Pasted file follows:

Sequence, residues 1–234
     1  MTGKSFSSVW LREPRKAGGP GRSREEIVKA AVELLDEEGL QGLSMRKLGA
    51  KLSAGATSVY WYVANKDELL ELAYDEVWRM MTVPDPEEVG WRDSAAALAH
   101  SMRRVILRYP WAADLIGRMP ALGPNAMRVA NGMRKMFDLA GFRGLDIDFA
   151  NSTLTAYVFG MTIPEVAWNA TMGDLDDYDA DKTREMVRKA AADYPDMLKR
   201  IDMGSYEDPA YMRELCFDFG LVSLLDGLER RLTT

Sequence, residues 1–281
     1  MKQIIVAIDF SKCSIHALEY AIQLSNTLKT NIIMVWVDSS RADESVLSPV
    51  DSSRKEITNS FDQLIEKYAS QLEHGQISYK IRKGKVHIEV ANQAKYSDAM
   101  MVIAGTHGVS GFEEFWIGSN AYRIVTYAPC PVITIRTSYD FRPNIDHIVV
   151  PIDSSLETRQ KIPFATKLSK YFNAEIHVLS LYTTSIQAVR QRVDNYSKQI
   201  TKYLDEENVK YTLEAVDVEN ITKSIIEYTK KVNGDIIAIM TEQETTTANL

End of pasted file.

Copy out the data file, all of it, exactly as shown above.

Sequence, residues 1–234
     1  MTGKSFSSVW LREPRKAGGP GRSREEIVKA AVELLDEEGL QGLSMRKLGA
    51  KLSAGATSVY WYVANKDELL ELAYDEVWRM MTVPDPEEVG WRDSAAALAH
   101  SMRRVILRYP WAADLIGRMP ALGPNAMRVA NGMRKMFDLA GFRGLDIDFA
   151  NSTLTAYVFG MTIPEVAWNA TMGDLDDYDA DKTREMVRKA AADYPDMLKR
   201  IDMGSYEDPA YMRELCFDFG LVSLLDGLER RLTT

Sequence, residues 1–281
     1  MKQIIVAIDF SKCSIHALEY AIQLSNTLKT NIIMVWVDSS RADESVLSPV
    51  DSSRKEITNS FDQLIEKYAS QLEHGQISYK IRKGKVHIEV ANQAKYSDAM
   101  MVIAGTHGVS GFEEFWIGSN AYRIVTYAPC PVITIRTSYD FRPNIDHIVV
   151  PIDSSLETRQ KIPFATKLSK YFNAEIHVLS LYTTSIQAVR QRVDNYSKQI
   201  TKYLDEENVK YTLEAVDVEN ITKSIIEYTK KVNGDIIAIM TEQETTTANL